Has Anybody Painted the White, Strong Flexible Material?

Discussion in 'Finishing Techniques' started by retalsmas, Apr 8, 2012.

  1. retalsmas
    retalsmas New Member
    Hi All,

    Has anybody painted the white strong flexible material?

    How does it take paint? Do I need to use a primer? Can you recommend a particular type of paint?

    I'd ideally like a super glossy, high sheen finish.

    Any suggestions would be greatly appreciated.


  2. Pilgrim1908
    Pilgrim1908 New Member
    Yes I have painted WSF. It needs several coats of primer before it accepts paint well, and there is a very rough surface. I would recommend giving it several - ie three or four coats of gloss varnish before you paint it to smooth it out
  3. stop4stuff
    stop4stuff Well-Known Member
    Have a trawl through the Post Production Techniques forum for WSF.

    For a high sheen finish, I'd start with Shapeways Polished WSF, followed by some kind of filler primer*, sanding, more primer/undercoat, sanding, painting followed by polishing or gloss varnish.

    *it occurred to me that acrylic woodwork primer work might be good for this as it has some gap filling qualities - as yet untried so your mileage may vary.

  4. retalsmas
    retalsmas New Member
    Thanks all,

    Good advice. I'll post the results when they come through.

  5. ZoeBrain
    ZoeBrain New Member
    Painting WSF - there are a few rules.

    1. Don;'t use Tamiya paints. The solvents react badly with WSF

    2. Do seal before painting. This can be done successfully in several ways: acryllic floor polish works well. Slightly diluted PVA glue works well. Several coats of spray undercoat can work too.

    Examples of painted WSF:

    This one is decalled and painted. Original model is only 5cm long


    Decalled and Painted models


    After sealing with floor polish:

    After painting, but before dullcoting on lower wing:


    Showing size of models:
    Drew92 likes this.
  6. pinddle
    pinddle New Member
    Is that Enamel or Acrylic Tamiya paint that reacts ?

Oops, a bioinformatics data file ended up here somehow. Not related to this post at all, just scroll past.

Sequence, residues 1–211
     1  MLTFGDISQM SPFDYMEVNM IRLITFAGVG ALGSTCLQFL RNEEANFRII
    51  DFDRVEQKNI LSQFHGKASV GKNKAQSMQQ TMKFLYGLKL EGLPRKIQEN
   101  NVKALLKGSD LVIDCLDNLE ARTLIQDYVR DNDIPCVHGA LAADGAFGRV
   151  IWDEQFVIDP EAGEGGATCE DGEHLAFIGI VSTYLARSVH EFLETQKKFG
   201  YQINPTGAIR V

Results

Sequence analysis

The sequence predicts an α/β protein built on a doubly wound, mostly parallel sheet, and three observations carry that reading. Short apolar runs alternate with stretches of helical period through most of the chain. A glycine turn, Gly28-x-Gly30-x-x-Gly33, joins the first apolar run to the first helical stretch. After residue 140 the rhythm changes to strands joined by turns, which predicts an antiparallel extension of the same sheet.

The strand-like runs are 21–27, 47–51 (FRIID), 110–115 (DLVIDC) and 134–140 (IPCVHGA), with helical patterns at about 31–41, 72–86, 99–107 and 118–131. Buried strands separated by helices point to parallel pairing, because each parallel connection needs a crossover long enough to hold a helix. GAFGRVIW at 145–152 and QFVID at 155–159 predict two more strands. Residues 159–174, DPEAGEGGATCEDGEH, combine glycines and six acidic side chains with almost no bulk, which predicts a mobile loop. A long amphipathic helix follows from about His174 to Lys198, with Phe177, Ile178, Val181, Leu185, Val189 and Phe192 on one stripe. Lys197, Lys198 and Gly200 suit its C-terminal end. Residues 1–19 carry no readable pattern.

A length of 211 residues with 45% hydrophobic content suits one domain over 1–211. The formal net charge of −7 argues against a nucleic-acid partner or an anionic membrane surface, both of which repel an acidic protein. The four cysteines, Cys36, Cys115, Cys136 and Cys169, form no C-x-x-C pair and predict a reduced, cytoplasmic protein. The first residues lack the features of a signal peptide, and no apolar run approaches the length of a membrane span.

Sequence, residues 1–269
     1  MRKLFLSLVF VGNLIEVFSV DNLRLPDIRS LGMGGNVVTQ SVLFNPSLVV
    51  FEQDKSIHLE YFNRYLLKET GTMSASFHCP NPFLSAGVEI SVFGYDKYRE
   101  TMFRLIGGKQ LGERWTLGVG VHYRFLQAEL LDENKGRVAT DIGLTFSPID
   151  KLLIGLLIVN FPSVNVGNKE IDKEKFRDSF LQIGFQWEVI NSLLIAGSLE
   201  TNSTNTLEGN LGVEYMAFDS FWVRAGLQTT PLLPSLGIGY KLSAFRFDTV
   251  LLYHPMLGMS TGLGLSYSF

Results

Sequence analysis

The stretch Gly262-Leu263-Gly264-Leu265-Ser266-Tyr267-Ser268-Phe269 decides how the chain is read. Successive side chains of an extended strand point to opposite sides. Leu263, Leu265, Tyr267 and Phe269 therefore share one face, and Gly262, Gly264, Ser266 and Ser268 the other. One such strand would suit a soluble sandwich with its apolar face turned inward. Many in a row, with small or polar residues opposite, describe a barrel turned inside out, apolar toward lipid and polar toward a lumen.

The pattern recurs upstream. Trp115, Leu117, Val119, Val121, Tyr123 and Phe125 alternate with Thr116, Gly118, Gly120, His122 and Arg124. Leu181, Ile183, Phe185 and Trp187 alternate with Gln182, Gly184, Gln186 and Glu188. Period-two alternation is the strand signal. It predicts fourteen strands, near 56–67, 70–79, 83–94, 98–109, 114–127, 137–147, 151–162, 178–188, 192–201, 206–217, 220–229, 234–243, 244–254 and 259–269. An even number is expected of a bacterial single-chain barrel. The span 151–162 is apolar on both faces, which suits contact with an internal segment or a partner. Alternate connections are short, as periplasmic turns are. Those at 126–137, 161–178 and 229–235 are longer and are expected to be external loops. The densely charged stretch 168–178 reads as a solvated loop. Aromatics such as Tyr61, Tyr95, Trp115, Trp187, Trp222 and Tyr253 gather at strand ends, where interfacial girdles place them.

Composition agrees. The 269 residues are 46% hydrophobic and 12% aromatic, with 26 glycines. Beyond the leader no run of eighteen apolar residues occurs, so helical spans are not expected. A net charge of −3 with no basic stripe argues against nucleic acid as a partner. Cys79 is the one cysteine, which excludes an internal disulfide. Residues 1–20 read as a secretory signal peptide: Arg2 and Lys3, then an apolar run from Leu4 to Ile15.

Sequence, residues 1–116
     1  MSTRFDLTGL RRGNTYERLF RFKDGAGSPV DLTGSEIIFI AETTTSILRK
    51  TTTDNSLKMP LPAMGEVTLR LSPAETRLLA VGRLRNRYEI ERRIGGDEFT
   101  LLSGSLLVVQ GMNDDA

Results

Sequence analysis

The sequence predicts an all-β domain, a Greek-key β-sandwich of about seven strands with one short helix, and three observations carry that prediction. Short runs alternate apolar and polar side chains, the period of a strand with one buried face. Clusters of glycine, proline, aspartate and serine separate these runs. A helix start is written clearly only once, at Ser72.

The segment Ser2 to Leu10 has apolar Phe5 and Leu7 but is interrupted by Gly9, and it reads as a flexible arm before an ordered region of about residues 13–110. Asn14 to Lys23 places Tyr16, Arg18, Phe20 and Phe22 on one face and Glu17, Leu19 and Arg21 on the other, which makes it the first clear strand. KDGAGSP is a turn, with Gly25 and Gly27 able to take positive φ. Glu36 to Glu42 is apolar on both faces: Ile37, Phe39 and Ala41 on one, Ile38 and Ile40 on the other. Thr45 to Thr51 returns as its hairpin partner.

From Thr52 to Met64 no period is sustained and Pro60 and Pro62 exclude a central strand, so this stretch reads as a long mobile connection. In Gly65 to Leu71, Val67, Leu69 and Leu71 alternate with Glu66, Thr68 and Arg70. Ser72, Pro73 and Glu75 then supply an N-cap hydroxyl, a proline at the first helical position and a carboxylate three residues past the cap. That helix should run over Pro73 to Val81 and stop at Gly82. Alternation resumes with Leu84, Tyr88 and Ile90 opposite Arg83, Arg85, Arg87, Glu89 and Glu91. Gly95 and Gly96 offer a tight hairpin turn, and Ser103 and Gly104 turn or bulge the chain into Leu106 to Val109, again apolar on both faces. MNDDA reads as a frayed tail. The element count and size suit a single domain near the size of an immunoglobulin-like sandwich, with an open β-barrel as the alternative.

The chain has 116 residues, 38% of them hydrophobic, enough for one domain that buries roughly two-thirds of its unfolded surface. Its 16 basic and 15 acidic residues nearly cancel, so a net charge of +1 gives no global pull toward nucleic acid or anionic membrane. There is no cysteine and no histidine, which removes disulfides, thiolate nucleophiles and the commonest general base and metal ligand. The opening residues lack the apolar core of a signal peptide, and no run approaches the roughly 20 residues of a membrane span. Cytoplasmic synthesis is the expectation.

Nice collection of planes,btw.
    Last edited: Apr 24, 2012
  7. Roy_Stevens
    Roy_Stevens New Member
    Acrylic by definition uses water as a solvent so should be safe on anything, but it doesn't stick well and tends to be less durable, thus the need for primer. I don't have time for that. I airbrush directly on untreated WSF using Floquil enamel with no adverse effects.
  8. stop4stuff
    stop4stuff Well-Known Member
    For WSF;
    Taymia fine surface primer followed by Humbrol enamels is good*.
    Dipping the model in diluted artists acrylic and allowing to dry between dips is good* too.


    *good = no adverse effects or peeling of paint.
  9. ZoeBrain
    ZoeBrain New Member
    Note - these were polished WSF, not straight WSF.

  10. stop4stuff
    stop4stuff Well-Known Member
    And here is a plain WSF Bowie the Bunny, again firstly sprayed with a few coats of Tamyia Fine Surface Primer followed by Humbrol Silver Acrylic spray.

    I would also recommend that anyone with doubts about just what paint to put on WSF (polished or plain) whould have a google to find out what solvents react with Nylon12 and avoid paints containing those solvents (btw, when I was researching this, I couldn't find any readily available solvents that attack Nylon12 - but you might)

    So I guess the upshot is, your mileage may vary IF the model is not properly cleaned before painting.